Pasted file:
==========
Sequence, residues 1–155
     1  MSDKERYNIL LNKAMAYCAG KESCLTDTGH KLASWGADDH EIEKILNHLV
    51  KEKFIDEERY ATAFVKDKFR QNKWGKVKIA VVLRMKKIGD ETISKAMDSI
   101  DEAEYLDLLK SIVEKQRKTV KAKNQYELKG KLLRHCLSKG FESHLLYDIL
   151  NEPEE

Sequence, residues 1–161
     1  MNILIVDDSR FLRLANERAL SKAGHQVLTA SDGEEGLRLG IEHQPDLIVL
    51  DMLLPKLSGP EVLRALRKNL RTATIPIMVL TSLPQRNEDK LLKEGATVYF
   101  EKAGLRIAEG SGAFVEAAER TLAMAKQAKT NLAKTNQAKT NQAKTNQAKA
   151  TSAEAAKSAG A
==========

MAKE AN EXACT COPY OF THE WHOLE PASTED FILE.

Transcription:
Sequence, residues 1–155
     1  MSDKERYNIL LNKAMAYCAG KESCLTDTGH KLASWGADDH EIEKILNHLV
    51  KEKFIDEERY ATAFVKDKFR QNKWGKVKIA VVLRMKKIGD ETISKAMDSI
   101  DEAEYLDLLK SIVEKQRKTV KAKNQYELKG KLLRHCLSKG FESHLLYDIL
   151  NEPEE

Sequence, residues 1–161
     1  MNILIVDDSR FLRLANERAL SKAGHQVLTA SDGEEGLRLG IEHQPDLIVL
    51  DMLLPKLSGP EVLRALRKNL RTATIPIMVL TSLPQRNEDK LLKEGATVYF
   101  EKAGLRIAEG SGAFVEAAER TLAMAKQAKT NLAKTNQAKT NQAKTNQAKA
   151  TSAEAAKSAG A